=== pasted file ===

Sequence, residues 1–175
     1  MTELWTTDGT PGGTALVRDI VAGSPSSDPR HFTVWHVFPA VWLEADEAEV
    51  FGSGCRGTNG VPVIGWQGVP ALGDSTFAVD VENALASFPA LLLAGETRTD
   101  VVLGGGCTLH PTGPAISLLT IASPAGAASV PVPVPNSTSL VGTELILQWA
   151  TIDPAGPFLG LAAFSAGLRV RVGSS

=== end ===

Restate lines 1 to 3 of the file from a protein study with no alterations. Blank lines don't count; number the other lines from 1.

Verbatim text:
Sequence, residues 1–175
     1  MTELWTTDGT PGGTALVRDI VAGSPSSDPR HFTVWHVFPA VWLEADEAEV
    51  FGSGCRGTNG VPVIGWQGVP ALGDSTFAVD VENALASFPA LLLAGETRTD